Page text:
When we left the barn that day it was sunny and 52. Ten minutes down the road, as we crested a hill, there was a wall of dark grey storm descending across Boulder and heading our way. When we parked the trailer and climbed out of the truck, the temps had dropped considerably and the sun was gone. There was a bitter cut to the wind and I immediately regretted not bringing my Carhartt coat. I had a rain coat/windproof jacket stuffed in my pack, a Northface skull cap that fits under my helmet and my winter riding gloves, which kept me from losing my fingertips to the bitter cold. W were able to scrounge up a thermal hat for W and some extra gloves. As we rode out across the Vista, I was still holding out hope that we could do the Community Ditch trail (that was the original plan), however J, W and K were not excited about extending our ride. (My kind of stupidity is what got people killed in past centuries in this kind of weather.) The temp was 19 when we got back to the trailer and I have never been happier to to have had my plans for a ten mile ride over ridden by the sane part of our group. It took the better part of the day to warm up from that ride. Note to self: always over pack for any winter adventure.

Our worse winter storm from my childhood happened when I was seven or eight (maybe?). The snowfall was fast and furious, and the winds were high. These are always dangerous conditions in the west as they result in huge rolling drifts that can cause more trouble than the actual snowfall. Our electricity went out for three days. We built a fire in the fireplace and slept in sleeping bags on the floor of the living room. My father broke out his campstove and we cooked on it or over the fire. I can remember popping jiffy pop popcorn over the fire one night after dinner. It was cold and the snow was drifted deeper than the five foot high front steps at the front of our house. When the snowplows finally made it through, the piles of snow in the front of the house were almost as tall as our roof line. Luckily, our pantry was always well stocked and we had plenty to eat, with water from our well. I don't think we had a lot of farm animals at that point, or I wasn't responsible for them, since I don't remember having to take care of them.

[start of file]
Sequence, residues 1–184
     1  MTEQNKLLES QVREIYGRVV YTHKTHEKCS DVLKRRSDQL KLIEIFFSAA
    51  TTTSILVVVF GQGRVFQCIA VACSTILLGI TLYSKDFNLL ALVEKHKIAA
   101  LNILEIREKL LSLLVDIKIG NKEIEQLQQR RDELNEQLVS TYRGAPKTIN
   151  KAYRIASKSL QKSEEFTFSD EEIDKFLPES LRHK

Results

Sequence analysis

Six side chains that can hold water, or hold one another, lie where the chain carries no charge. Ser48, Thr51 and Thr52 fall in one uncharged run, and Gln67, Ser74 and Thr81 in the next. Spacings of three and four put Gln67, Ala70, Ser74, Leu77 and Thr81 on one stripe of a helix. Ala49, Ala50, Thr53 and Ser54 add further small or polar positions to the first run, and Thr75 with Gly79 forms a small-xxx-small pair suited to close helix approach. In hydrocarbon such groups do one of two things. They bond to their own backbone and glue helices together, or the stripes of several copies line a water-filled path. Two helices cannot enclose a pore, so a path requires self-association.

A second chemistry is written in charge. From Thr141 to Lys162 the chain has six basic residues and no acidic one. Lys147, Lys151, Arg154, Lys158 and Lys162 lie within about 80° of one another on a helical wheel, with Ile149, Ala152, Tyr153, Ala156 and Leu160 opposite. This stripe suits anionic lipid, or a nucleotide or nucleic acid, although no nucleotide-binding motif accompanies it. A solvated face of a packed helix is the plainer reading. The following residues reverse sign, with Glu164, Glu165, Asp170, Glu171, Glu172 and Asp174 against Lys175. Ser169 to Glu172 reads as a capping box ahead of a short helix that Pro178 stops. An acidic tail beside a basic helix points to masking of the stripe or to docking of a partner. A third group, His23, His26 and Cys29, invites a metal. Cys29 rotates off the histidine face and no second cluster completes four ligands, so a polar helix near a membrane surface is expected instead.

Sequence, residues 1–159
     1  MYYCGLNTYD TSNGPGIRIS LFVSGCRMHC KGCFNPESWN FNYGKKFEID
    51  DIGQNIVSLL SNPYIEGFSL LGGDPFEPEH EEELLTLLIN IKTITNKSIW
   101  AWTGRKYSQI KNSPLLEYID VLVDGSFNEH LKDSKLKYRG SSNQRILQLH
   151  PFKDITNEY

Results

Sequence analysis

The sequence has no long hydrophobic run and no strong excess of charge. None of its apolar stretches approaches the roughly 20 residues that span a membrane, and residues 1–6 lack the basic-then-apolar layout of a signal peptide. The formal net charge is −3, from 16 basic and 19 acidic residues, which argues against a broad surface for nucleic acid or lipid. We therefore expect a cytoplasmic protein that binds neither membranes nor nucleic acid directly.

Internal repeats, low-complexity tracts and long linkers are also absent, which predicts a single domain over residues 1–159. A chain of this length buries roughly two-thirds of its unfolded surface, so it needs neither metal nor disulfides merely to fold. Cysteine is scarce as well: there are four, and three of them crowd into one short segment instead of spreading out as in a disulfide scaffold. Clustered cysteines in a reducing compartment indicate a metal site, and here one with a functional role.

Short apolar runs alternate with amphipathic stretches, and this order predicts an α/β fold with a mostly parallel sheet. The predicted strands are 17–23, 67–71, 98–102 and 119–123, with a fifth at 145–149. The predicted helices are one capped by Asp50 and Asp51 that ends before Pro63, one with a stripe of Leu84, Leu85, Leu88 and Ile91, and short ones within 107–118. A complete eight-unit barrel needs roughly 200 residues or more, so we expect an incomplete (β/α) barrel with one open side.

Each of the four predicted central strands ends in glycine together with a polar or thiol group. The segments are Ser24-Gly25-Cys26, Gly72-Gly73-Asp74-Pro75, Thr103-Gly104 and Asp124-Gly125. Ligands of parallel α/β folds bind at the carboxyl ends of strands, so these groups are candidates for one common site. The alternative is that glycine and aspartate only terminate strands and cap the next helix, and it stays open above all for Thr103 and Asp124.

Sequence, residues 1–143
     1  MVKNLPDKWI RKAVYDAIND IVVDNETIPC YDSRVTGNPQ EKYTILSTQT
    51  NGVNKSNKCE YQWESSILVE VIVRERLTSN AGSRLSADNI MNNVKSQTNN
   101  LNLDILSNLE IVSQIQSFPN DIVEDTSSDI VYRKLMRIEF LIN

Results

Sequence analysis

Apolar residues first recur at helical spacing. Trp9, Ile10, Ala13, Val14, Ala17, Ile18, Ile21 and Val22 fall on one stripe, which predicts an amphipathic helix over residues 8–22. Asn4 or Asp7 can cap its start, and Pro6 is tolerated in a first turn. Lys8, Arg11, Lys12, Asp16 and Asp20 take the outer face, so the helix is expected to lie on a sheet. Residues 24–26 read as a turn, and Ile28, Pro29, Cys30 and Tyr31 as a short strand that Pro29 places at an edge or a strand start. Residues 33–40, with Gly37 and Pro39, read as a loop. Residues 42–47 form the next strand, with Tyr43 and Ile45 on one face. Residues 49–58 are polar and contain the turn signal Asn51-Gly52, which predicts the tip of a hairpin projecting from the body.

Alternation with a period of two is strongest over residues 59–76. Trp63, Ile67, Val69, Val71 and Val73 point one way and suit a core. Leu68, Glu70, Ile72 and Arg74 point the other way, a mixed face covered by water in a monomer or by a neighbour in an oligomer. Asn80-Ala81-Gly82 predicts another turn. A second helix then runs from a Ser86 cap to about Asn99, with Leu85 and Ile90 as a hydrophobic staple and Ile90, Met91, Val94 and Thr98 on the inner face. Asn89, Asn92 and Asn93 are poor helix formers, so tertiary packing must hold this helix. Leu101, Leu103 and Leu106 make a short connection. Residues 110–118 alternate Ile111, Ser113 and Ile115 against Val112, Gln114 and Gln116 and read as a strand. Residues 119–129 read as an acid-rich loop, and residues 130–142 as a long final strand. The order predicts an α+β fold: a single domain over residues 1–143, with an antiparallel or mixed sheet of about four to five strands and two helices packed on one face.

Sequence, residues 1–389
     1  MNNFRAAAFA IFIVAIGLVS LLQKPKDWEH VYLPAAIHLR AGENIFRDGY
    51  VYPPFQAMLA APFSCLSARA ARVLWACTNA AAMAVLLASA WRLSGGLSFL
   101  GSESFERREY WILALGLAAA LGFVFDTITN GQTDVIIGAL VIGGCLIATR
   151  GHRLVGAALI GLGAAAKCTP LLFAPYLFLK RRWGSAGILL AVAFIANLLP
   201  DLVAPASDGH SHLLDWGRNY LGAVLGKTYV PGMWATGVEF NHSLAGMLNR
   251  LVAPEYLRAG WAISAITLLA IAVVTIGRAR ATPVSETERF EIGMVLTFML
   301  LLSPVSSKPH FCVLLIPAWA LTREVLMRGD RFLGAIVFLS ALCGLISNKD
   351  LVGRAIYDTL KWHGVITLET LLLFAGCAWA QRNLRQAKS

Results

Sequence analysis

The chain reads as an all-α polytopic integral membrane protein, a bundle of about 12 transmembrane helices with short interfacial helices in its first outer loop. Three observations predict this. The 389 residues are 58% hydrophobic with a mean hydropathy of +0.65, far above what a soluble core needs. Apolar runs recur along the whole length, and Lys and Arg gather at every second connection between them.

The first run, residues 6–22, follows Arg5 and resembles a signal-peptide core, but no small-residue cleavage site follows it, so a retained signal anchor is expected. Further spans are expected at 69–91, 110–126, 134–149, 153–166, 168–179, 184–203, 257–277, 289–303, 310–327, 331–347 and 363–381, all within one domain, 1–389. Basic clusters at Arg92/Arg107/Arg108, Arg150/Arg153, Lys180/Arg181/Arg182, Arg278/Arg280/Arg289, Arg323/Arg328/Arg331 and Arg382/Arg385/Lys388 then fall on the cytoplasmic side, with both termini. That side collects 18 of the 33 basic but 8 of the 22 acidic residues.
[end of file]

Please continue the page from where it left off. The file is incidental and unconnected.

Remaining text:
The worse storm I have experienced was in 2003. We drove to Idaho to my mom's house for the holidays. Traveling across Wyoming in the winter is a white-knuckled experience, with incredible wind, white-out conditions and black ice on the roads. The tried and true method of tail-gaiting a big rig at 20 mph (the tail lights are the only thing you can see in the swirling wind) got us to Rawlins before they closed the highway. By the time we reached my folks place, in Southeast Idaho, we were a frazzled mess of nerves and anxiety and we barely reached safety in time. A storm blew in that night that deposited almost four foot of snow and had sustained winds over 50 mph. A true blizzard. We woke the next day to drifts in the front of the house taller than the cars. The drive way was one solid snow drift taller than my head. Thank goodness for the generosity of neighbors. The guy up the street brought his snowblower down. It was six feet tall, eight feet wide and powered by his tractor. He backed in down the driveway and removed all of the snow, blowing it fifteen feet away into the nearby field. The kids, including T, created forts in the snow walls on either side of the driveway. It took several hours of shoveling to extract the vehicles from the walls of snow. Thankfully, that was the last of that weather until we were able to head home.

The winter of 2006-2007 was the most consistently snowiest winter I have seen in Denver. It started on the 17th of December and snowed 33". Every weekend for 10 weeks, we got more snow. The totals were between 8" and 10", and there was so much snow that CDOT started using bulldozers to load it into semi trucks and taking it out of the city to dump on empty lots they had to rent. Some of those lots were thirty feet high with snow and it didn't melt until late June. That was the winter T and I played The Star Wars Saga on the Wii for hours on end at home, so obsessed that we stopped doing anything else. That winter single-handedly got us out of our severe drought by the time it was done.

All of these winters were before I had a Ashke. The winters we've had since I brought him home haven't been out of the ordinary.